New US national prostate cancer data classified by NCCN risk category


Prior to 2013, when the National Cancer Institute released accumulated, de-identified, prostate cancer-specific patient data from the national SEER cancer registry, those data only included the post-surgical, pathological Gleason scores and not the biopsy Gleason scores.

Pathological Gleason scores have been captured in the SEER data since 2004. However, in 2010 SEER started to capture biopsy-related Gleason scores, and the first set of data to include those biopsy-related Gleason scores (for the year 2010) were released in 2013.

Mahmood et al. have now published the first set of data to give an accurate assessment of prostate cancer presentation and treatment based on a complete set of clinical factors at the time of diagnosis (i.e., inclusive of patient age, race/ethnicity, marital status, place of diagnosis, clinical stage, PSA level, biopsy Gleason score, and initial management).

These data allowed Masood et al. to assign an NCCN risk level (i.e., low, intermediate, or high risk) to the majority of patients with a diagnosis of prostate cancer in 2010 who were captured by the SEER registry system (which encompasses some 28 percent of all the American population).

Here is what they found:

  • 54,537 men were diagnosed with prostate cancer in 2010 and included in the SEER database.
    • 48,978 men (89.8 percent) had localized prostate cancer.
    • 2,655 men (4.7 percent) had nodal or distant metastasis.
    • 2,904 men (5.3 percent) could not be classified.
    • Sufficient data for assignment of NCCN risk was available for 42,403 men (77.8 percent).
    • There was insufficient data to assign NCCN risk for 12,134 men (22.2 percent).
  • Average (median) age at diagnosis was 65 years.
  • Racial/ethnic breakdown of the 42,403 patients who could be risk-classified indicated that
    • 29,266 men (69.0 percent) were white/Caucasian.
    • 6,291 men (14.8 percent) were black/African American.
    • 3,400 men (8.0 percent) were Hispanic.
    • 1,884 men (4.4 percent) were Asian or Pacific Islander.
    • 143 men (0.3 percent) were Native American.
  • The NCCN risk distribution of the 42,403 classifiable patients indicated that
    • 16,171 men (38.1 percent) were low risk.
    • 16,990 men (40.0 percent) were intermediate risk.
    • 9,242 men (21.8 percent) were high risk.
  • 66 percent of the 42,403 risk-classifiable patients had non-plapable (clinical stage T1c) prostate cancer.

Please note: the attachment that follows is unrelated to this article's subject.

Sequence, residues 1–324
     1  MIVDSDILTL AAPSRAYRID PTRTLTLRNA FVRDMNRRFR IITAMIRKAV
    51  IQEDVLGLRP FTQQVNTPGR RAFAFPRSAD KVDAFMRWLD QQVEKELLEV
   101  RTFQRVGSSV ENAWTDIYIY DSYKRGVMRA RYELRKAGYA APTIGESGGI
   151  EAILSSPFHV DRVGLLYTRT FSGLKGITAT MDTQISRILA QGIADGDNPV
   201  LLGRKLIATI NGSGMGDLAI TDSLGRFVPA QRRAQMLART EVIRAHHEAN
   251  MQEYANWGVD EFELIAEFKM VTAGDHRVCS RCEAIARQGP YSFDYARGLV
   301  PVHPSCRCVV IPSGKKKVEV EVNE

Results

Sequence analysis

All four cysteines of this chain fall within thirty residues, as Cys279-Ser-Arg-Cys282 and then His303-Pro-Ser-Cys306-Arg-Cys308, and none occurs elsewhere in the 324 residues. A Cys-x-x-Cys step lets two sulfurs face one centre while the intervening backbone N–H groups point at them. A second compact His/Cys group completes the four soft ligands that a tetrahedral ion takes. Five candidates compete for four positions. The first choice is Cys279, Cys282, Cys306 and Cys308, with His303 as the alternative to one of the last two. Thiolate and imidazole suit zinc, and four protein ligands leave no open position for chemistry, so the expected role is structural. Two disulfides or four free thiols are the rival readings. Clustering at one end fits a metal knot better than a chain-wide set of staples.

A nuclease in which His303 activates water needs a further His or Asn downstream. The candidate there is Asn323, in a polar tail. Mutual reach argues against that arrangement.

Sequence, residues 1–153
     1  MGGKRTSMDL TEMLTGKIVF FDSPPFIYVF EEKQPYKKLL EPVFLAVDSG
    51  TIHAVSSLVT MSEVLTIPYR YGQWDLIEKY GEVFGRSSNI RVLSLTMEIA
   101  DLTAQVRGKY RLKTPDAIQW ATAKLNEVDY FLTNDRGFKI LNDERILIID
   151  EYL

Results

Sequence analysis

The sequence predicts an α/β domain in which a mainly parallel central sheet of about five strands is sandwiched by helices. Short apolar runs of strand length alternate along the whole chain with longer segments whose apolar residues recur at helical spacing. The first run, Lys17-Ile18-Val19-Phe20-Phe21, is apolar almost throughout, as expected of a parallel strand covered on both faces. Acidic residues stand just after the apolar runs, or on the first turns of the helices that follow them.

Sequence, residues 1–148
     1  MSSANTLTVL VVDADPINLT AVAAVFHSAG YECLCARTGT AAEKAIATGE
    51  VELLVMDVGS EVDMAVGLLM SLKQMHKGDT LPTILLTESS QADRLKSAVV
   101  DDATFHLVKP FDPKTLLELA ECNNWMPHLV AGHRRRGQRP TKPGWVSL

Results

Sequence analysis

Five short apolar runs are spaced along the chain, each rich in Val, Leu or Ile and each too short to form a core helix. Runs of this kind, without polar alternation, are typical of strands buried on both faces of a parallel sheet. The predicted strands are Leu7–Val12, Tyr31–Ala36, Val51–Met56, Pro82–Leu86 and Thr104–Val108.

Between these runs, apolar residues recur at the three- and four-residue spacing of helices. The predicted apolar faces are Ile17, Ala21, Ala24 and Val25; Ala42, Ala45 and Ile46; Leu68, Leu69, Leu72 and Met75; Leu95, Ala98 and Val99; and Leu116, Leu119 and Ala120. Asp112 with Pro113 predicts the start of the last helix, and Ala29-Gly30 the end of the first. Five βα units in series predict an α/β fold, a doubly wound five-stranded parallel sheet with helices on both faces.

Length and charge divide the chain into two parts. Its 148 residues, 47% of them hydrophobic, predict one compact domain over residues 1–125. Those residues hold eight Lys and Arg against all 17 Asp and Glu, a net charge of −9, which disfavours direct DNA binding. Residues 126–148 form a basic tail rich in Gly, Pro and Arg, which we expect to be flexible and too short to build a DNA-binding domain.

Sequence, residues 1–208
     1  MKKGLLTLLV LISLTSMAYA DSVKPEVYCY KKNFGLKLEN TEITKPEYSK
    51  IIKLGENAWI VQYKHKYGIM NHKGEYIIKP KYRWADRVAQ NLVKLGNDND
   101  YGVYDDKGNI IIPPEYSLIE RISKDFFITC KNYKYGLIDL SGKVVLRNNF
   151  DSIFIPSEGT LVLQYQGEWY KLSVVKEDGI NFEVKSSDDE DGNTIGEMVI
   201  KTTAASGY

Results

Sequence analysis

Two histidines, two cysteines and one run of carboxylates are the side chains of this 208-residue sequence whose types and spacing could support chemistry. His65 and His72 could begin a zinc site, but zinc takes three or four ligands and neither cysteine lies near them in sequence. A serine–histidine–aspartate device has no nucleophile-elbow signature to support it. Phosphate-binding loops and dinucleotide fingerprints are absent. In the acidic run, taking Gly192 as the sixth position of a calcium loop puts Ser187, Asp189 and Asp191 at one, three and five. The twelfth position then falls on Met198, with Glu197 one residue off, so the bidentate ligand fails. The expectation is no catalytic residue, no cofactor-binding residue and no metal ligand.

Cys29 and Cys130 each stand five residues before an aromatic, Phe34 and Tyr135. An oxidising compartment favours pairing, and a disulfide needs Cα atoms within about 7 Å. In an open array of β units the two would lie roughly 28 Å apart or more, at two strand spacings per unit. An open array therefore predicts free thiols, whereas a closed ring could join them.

• Of the 7,882 risk-classifiable patients with clinical stage T2 disease
    • 2,721 men (34.5 percent) were low risk.
    • 2,982 men (37.8 percent) were intermediate risk.
    • 2,179 men (27.6 percent) were high risk.
  • Biopsy Gleason score was the primary driver of risk assignment.
    • 84 percent of men with intermediate-risk disease had a biopsy Gleason score of 7.
    • 71 percent of men with high-risk disease had a biopsy Gleason score of 8 to 10.
  • The incidence of high-risk disease was associated with race and with age.
    • Non-white patients of all types were at higher risk that white patients for high-risk prostate cancer.
    • 40.3 percent of men diagnosed at 75 years and older had high-risk disease (compared to 21.7 percent of men aged between 65 and 75 and 16.3 percent of men between 55 and 65).
  • Initial management could be determined for 38,634/42,403 men with classifiable disease.
    • 8,832/38,634 men (22.9 percent) received no local treatment.
    • 15,421/38,634 men (39.9 percent) received a radical prostatectomy.
      • 694/15,421 prostatectomy patients (4.5 percent) also received immediate, adjuvant radiation therapy.
    • 13,855/38,634 men (35.9 percent) received radiation therapy.
    • About another 1 percent of men received some other form of “local tumor destruction”.
  • Local first-line treatment varied by race/ethnicity, by age, and by NCCN risk.
    • White patients were most likely to receive a radical prostatectomy (42.3 percent).
    • Black patients were most likely to be treated with radiation therapy (42.5 percent).
    • Men aged from 55 to 65 years were most likely to receiev a radical prostatectomy (53.7 percent).
    • Men > 75 were most likely to be treated with radiation therapy (49.1 percent) or to have no immediate localized treatment (42.4 percent).
    • Men with NCCN low-risk disease were most likley to receive a radical prostatectomy (39.9 percent).
    • Men with NCCN high-risk disease were most likely to be treated with radiation therapy (43.0 percent).
  • Men who were older, non-white, unmarried, or living in a county with a higher poverty rate were more likely than others to be diagnosed with high-risk disease.
  • Men who were older, black, unmarried, or living in a county with a higher poverty rate were less likely than others to receive any form of local treatment.

Mahmood et al. are also careful to point out what is not captured by the SEER database:

  • We do not know what percentages of these patients had received any PSA tests for risk of prostate cancer prior to their actual diagnosis.
  • We do not know how men who received no local therapy were actually treated (i.e., whether they were on active surveillance or watchful waiting or whether they received immediate androgen deprivation therapy of some type).
  • We do not know why local therapy was withheld for specific patients (e.g., because the patient already had a very short life expectancy or because he simply refused treatment).

From the perspective of The “New” Prostate Cancer InfoLink, if there is anything surprising in these data, it is that more men are still being diagnosed with intermediate-risk disease (40.0 percent) than with low-risk disease (38.1 percent). This may (but may not) reflect the high percentage of men who still just don’t do much to monitor their health issues until they have clear symptoms of a problem.

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